When teachers and students say a school is less safe
Some of the least safe schools in NYC, by teacher and student reports, suffer from such bad leadership that the press has taken note.
Take, for example, Public School 269 in Flatbush, Brooklyn, which is just about the worst elementary school, according to teachers: 81 percent say order and discipline are not maintained. P.S. 269 gained some notoriety two years ago after its principal, Jazmine Santiago, used school funds to install her own private gym. One teacher told the New York Post, “She comes in early, she goes to the gym. Even when class is in session, she’s still in the gym.” One parent said, “That’s not right at all. The funds should go to helping school issues like going toward bullying campaigns.” While elementary school students aren’t asked about bullying, it seems likely that at a school where barely 1 in 5 teachers think order is maintained, bullying is quite a problem.
At Catherine & Count Basie Middle School 72 in Jamaica, Queens, 79 percent of teachers say order and discipline are not maintained. Kathy Perez is no longer one of them: She successfully sued the school for $125,000 and transferred to a new school after student misbehavior led to her hospitalization twice. Perez told the New York Post, “These kids knew they could beat on me all they wanted, and the administration would tacitly encourage it by not doing anything about it.” According to Perez, one boy ran around class swinging a collapsible cane; he was removed for several minutes, “then sent … back in — with the cane.”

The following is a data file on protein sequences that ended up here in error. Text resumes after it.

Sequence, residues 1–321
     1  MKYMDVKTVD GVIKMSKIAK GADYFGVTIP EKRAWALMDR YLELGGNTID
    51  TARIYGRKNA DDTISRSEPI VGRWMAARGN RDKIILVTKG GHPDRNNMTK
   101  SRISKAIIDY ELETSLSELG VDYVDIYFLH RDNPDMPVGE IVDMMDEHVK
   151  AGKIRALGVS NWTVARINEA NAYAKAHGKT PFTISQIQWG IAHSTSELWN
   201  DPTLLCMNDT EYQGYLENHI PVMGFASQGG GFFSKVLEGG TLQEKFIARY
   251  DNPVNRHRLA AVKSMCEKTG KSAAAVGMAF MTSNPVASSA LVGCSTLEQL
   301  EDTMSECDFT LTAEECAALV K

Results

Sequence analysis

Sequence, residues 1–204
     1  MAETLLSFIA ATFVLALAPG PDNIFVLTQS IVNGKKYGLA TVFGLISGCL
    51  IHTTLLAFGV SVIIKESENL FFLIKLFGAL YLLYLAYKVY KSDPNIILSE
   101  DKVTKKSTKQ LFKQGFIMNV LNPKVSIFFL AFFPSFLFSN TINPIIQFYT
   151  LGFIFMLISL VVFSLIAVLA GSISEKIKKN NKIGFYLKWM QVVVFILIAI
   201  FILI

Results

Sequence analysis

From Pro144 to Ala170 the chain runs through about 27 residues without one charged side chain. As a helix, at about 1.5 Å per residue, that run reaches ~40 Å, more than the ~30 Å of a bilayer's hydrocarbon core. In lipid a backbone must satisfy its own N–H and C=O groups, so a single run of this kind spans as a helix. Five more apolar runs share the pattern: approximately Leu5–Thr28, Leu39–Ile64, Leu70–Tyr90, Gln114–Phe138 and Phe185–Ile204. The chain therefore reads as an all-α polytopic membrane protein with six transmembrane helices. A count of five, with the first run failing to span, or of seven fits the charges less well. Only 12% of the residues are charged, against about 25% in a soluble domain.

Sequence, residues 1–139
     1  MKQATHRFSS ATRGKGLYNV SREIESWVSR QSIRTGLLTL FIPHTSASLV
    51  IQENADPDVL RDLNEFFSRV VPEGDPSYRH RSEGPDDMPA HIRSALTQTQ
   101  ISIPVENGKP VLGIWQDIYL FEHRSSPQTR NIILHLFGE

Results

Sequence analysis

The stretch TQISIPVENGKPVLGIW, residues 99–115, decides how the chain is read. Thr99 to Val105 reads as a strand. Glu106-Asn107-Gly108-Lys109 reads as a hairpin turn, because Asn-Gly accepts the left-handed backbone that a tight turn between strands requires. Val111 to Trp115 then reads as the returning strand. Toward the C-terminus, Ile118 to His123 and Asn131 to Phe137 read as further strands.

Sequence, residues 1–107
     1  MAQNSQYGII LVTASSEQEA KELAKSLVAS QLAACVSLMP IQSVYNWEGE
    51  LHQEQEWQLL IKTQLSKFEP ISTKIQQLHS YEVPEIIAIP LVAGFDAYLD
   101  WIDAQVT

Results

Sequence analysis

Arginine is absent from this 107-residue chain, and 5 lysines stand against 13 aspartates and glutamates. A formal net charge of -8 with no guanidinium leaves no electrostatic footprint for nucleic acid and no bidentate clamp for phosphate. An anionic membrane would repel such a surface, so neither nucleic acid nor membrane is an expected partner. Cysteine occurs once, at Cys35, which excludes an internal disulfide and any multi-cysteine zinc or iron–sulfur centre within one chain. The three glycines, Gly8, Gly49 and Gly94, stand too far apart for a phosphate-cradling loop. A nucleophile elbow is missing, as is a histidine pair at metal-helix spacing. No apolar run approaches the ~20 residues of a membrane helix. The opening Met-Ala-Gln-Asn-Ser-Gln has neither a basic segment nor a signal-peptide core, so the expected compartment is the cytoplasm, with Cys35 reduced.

Incidents like this might have something to do with the fact that 75 percent of students say physical fights happen most or all of the time. Perez also related that another boy pretended to hump his backpack, telling her, “you know you want it so drop your pants. I’m gonna give it to you hard.” Incidents like this are perhaps less shocking when you consider that 87 percent of the school’s students say their peers don’t respect each other.
At P.S. 204 Morris Heights elementary school in the Bronx, only 9 percent of teachers say discipline and order aren’t maintained. That’s an order of magnitude better than its elementary school neighbors: at P.S. 109 Sedgwick, 68 percent of teachers say order is not maintained, and at P.S. 226, 60 percent of teachers say their school is disorderly. If students at P.S. 204 stay in the neighborhood, they may see more disorder as they grow up: At Intermediate School 232, less than a block away, 46 percent of students say physical fighting occurs frequently, and at M.S. 390, a whopping 70 percent of students say physical fighting happens “most” or “all” of the time.